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A Knowledge-based System (KBS) is a system that utilizes human knowledge stored in a knowledge base to solve problems. Because a KBS seeks to solve problems that typically require the expertise and reasoning of a human being, the process is not guaranteed to work. Applications that work with information in this way are said to be heuristic, as opposed to algorithmic. A knowledge base will contain whatever type of information the programmers need it to process but a few specific categories include rules, facts, attributes, relationships, and events. The two types of knowledge-based systems you need to be familiar with are expert systems and neural networks.
Although the terms KBS and expert systems are often used interchangeably, for our purposes, we will make a distinction between the two. An expert system is a program that solves problems by emulating human reasoning. Said another way, an expert system tries to reason like a person, using a database of knowledge gathered by experts in a particular field. Standing between the user and the knowledge base in an expert system is the inference engine-the component that actually gets its hands dirty. The user makes a query through an interface; the inference engine analyzes the query and then consults the knowledge base. Once the system comes to a conclusion, it will deliver its results back to the user. A few fields that benefit from the use of expert systems are medicine, finance, and the oil industry. Oil companies will use them to assist with drilling issues and questions regarding geology, while doctors use them for help diagnosing certain diseases. Financial organizations use expert systems to make forecasts about future trends in the markets.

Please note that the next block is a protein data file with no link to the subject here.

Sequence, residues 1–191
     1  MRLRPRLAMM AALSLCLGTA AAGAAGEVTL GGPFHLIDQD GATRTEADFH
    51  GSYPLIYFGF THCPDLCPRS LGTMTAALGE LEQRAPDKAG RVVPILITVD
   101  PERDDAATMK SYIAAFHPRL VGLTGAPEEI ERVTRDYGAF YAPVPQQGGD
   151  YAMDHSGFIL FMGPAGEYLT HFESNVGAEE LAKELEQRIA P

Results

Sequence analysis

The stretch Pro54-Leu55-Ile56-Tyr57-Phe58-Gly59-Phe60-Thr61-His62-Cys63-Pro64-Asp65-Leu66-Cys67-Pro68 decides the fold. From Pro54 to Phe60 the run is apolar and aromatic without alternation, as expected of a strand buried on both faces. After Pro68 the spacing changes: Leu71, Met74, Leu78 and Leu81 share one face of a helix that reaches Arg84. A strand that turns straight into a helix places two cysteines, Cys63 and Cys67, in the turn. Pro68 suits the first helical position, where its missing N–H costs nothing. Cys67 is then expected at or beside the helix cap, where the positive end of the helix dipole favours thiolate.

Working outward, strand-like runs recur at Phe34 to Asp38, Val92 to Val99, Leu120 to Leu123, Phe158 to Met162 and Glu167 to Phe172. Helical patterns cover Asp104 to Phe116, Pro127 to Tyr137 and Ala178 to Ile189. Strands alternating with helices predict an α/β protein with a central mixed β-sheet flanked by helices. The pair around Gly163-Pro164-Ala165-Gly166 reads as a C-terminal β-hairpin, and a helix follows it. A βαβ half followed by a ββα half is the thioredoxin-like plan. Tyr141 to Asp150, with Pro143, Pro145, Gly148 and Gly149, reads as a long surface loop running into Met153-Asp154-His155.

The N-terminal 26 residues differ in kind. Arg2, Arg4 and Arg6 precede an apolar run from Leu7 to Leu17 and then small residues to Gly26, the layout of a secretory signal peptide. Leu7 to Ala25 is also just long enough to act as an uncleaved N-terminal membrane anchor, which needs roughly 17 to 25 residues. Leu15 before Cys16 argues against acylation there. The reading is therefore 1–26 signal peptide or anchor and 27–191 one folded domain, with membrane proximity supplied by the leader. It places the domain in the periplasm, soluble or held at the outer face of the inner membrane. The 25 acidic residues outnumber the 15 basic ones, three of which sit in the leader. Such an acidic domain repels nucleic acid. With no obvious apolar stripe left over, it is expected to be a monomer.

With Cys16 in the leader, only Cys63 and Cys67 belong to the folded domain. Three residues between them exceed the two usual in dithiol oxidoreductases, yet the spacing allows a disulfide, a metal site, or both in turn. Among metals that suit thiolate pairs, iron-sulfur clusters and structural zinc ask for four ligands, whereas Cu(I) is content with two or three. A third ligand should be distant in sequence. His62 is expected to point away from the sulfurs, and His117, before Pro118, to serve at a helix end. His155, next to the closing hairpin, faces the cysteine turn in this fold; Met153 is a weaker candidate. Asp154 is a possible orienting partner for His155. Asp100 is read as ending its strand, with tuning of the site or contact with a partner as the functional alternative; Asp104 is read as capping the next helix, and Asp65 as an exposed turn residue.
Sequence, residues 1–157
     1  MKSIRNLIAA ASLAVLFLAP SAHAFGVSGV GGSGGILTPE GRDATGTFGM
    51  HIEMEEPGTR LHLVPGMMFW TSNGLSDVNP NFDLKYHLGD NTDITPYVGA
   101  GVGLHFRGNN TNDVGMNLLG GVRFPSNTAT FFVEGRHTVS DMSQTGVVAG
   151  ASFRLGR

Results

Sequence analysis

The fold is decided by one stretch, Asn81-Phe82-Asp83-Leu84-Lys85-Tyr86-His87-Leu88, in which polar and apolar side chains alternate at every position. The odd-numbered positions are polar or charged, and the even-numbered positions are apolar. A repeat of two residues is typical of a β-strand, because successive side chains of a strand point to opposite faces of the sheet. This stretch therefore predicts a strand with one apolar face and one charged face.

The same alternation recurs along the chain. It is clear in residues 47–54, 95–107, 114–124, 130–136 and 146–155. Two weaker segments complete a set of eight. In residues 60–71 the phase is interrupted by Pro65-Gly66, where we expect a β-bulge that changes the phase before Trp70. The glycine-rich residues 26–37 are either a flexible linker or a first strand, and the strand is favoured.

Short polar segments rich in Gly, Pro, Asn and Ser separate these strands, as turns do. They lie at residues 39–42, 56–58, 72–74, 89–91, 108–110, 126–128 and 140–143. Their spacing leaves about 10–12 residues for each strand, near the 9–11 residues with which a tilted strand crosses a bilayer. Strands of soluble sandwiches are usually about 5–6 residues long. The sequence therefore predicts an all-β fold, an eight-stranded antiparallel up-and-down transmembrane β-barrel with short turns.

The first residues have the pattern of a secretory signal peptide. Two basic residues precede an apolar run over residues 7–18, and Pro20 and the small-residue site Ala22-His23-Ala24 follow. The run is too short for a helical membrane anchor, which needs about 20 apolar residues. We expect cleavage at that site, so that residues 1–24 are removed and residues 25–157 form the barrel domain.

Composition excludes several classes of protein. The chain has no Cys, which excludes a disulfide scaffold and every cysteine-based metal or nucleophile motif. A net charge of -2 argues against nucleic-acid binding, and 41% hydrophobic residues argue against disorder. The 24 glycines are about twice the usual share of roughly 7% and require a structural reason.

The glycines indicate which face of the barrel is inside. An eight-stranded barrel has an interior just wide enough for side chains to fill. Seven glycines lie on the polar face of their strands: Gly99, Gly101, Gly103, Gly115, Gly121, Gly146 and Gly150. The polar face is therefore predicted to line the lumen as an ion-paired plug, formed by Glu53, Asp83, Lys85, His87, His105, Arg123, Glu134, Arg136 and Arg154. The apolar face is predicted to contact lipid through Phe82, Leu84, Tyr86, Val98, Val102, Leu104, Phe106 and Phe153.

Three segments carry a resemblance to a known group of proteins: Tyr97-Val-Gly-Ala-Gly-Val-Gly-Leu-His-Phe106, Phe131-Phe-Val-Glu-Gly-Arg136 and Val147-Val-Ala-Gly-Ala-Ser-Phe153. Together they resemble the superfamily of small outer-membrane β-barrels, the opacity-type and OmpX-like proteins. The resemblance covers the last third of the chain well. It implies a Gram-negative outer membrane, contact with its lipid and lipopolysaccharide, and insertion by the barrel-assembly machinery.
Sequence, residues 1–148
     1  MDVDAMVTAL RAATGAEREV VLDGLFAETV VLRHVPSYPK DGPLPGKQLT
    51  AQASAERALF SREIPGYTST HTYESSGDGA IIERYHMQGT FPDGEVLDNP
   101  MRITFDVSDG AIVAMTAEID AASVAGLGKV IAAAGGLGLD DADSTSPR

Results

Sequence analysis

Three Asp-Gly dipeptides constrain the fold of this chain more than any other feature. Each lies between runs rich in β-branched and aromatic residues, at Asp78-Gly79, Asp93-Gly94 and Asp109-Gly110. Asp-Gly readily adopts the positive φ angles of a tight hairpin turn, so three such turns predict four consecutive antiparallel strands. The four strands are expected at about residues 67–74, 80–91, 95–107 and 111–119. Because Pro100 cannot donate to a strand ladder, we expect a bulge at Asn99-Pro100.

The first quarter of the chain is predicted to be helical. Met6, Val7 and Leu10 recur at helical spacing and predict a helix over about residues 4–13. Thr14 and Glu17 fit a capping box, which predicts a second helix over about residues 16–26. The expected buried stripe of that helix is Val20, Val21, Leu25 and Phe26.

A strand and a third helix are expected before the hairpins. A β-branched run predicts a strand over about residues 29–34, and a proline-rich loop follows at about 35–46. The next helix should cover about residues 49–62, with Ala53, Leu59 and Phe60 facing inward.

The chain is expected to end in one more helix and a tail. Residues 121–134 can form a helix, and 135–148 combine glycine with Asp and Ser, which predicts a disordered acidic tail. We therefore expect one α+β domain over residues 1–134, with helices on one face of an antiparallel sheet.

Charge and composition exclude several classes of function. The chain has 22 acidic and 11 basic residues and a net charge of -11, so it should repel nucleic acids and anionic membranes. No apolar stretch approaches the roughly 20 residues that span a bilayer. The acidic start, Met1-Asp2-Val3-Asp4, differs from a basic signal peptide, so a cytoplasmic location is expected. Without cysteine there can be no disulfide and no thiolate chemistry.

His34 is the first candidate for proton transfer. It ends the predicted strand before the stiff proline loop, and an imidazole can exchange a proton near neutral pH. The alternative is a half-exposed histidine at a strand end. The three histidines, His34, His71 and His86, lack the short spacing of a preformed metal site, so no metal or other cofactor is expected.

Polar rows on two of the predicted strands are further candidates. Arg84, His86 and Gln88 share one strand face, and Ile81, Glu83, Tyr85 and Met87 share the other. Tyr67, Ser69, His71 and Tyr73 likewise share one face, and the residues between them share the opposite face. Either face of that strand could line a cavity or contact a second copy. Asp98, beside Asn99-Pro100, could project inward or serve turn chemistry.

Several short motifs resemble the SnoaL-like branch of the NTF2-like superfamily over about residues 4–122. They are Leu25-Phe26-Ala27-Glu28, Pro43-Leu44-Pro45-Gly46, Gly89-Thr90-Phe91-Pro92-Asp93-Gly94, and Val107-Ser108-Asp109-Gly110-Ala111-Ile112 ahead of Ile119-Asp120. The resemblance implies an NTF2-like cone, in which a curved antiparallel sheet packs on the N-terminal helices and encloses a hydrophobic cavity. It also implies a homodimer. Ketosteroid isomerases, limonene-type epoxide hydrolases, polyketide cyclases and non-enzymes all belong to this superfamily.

There are different ways to develop expert systems. These programming models are known as paradigms. The most common method is referred to as rule-based programming. Using the familiar If and Then parameters, rule-based programming employs preprogrammed rules of thumb to provide answers for any given situation. Each individual rule contains an If parameter and a Then parameter.